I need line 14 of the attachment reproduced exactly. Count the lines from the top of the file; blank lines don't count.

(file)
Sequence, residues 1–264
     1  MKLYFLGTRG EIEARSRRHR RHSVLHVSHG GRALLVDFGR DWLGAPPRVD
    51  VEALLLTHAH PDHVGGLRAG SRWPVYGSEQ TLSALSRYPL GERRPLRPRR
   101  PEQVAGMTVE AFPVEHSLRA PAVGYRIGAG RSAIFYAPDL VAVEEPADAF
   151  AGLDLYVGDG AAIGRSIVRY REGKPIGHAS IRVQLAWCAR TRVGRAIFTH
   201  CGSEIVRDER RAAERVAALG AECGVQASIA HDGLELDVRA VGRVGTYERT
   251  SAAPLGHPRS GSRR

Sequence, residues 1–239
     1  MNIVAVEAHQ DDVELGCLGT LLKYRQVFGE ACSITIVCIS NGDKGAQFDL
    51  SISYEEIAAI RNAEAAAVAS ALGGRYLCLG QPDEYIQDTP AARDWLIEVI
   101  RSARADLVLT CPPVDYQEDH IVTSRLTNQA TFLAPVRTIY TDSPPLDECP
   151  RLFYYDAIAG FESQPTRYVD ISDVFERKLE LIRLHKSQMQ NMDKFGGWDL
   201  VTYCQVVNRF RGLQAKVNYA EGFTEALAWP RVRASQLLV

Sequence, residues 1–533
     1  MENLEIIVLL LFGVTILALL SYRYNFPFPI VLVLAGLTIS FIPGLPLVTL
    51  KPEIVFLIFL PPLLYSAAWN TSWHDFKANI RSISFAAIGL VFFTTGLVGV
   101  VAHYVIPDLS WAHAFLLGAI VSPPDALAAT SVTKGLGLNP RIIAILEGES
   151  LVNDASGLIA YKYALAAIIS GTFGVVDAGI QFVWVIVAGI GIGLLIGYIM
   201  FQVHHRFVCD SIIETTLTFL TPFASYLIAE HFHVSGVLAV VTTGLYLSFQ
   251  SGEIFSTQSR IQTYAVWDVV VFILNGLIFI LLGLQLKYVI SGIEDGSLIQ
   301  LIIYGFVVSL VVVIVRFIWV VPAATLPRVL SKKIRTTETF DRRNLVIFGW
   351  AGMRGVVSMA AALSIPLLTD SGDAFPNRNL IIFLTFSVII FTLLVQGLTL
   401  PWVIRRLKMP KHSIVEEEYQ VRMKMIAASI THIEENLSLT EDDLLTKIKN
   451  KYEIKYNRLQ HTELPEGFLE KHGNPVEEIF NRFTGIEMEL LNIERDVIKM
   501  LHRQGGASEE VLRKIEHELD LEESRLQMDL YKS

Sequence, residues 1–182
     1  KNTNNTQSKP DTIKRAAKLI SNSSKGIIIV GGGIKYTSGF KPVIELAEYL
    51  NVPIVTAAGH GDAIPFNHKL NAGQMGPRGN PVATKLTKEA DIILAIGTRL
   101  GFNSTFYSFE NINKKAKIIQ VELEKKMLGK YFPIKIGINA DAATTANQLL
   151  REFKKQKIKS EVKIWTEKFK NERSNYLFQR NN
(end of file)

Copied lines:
Sequence, residues 1–533